SF: I think it's just that I wasn't a cool "rocker". I was around at the time when Pink Floyd and what was called "progressive rock" were the really big things at school, and they were just a bit heavy and overblown for my taste. I loved the Bonzos because of their wit. They were very, very funny but they were musically very good - incredibly eclectic in all kinds of styles from jazz to fantastic parodies of all sorts of music.
Vivian Stanshall had this surreal almost dada-ist sense of humour - quite extraordinary - which was a huge influence on me and a marvelous voice that was like rich gravy pouring out of a jug. If you could embody the sound of old wireless valves from the 1940's, glowing orange - with a dusty smell in a Bakelite wireless, with a sunburst on the front of the speaker and it takes three minutes to warm up - and you get a very clear "English" voice coming out of it - it was just marvelous to have such surreal and extraordinary humour coming out of that totally British sound.
It was that mixture that led to Monty Python - a huge influence on them. In fact Neil Innes, the other main member of the Bonzos, wrote most of their music (what Eric Idle didn’t write).
It was a very formative thing, the fact that you could be quirky and surreal and eccentric and bizarre within the cloak of being incredibly English. It's part of the English thing, and Australians share it too, that if you're wearing punk clothes and you fart, it isn't funny or interesting - but if you're wearing a tweed suit and you fart, it's somehow funny.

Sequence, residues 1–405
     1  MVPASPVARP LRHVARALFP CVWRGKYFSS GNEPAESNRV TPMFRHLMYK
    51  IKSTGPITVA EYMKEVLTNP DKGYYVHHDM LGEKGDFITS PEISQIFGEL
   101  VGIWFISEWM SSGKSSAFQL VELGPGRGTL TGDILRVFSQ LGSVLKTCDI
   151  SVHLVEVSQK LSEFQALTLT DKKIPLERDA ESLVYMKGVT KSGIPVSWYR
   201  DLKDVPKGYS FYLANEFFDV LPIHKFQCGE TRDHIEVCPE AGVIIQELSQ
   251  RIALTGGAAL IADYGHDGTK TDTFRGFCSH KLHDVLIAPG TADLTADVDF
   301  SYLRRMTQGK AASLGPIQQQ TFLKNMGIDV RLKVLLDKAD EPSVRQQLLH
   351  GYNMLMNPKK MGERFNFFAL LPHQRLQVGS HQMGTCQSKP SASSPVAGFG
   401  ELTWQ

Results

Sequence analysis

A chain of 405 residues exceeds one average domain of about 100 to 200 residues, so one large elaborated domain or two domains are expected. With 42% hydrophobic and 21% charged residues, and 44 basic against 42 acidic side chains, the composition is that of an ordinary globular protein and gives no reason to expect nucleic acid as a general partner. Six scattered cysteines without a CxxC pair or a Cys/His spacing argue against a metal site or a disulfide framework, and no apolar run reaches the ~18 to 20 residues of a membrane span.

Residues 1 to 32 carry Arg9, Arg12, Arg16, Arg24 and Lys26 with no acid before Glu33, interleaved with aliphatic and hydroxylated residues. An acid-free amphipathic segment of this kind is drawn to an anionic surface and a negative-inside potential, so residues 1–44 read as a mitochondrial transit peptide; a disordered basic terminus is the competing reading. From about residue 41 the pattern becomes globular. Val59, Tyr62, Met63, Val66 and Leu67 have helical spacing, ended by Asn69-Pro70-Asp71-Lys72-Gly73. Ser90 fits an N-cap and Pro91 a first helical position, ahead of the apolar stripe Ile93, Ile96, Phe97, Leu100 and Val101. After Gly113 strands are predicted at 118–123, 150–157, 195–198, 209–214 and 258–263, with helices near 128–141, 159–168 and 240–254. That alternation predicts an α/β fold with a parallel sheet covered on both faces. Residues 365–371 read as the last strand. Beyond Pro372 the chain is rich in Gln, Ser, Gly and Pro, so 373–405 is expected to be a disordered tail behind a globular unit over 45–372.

That's a very typical thing
JF: Over the last couple of
years it's been refreshing to see recipients at Award ceremonies acknowledge
their same sex partners. You're hosting the
SF: He certainly will, yes, absolutely. He comes with me just about everywhere and the press are actually great about it. They know he's a shy chap and doesn't want to be plastered all over the newspapers, but on the other hand it's not as if we're hiding or ashamed of anything. It's a difficult balance to walk in terms of the public perception of these things. It's the same for a husband or wife of a famous person. On the one hand, you don't want to look like you're camera greedy yourself, and you might be a shy person and you prefer not to be photographed - but that's not saying you're ashamed of the person you're with or that they're ashamed of you.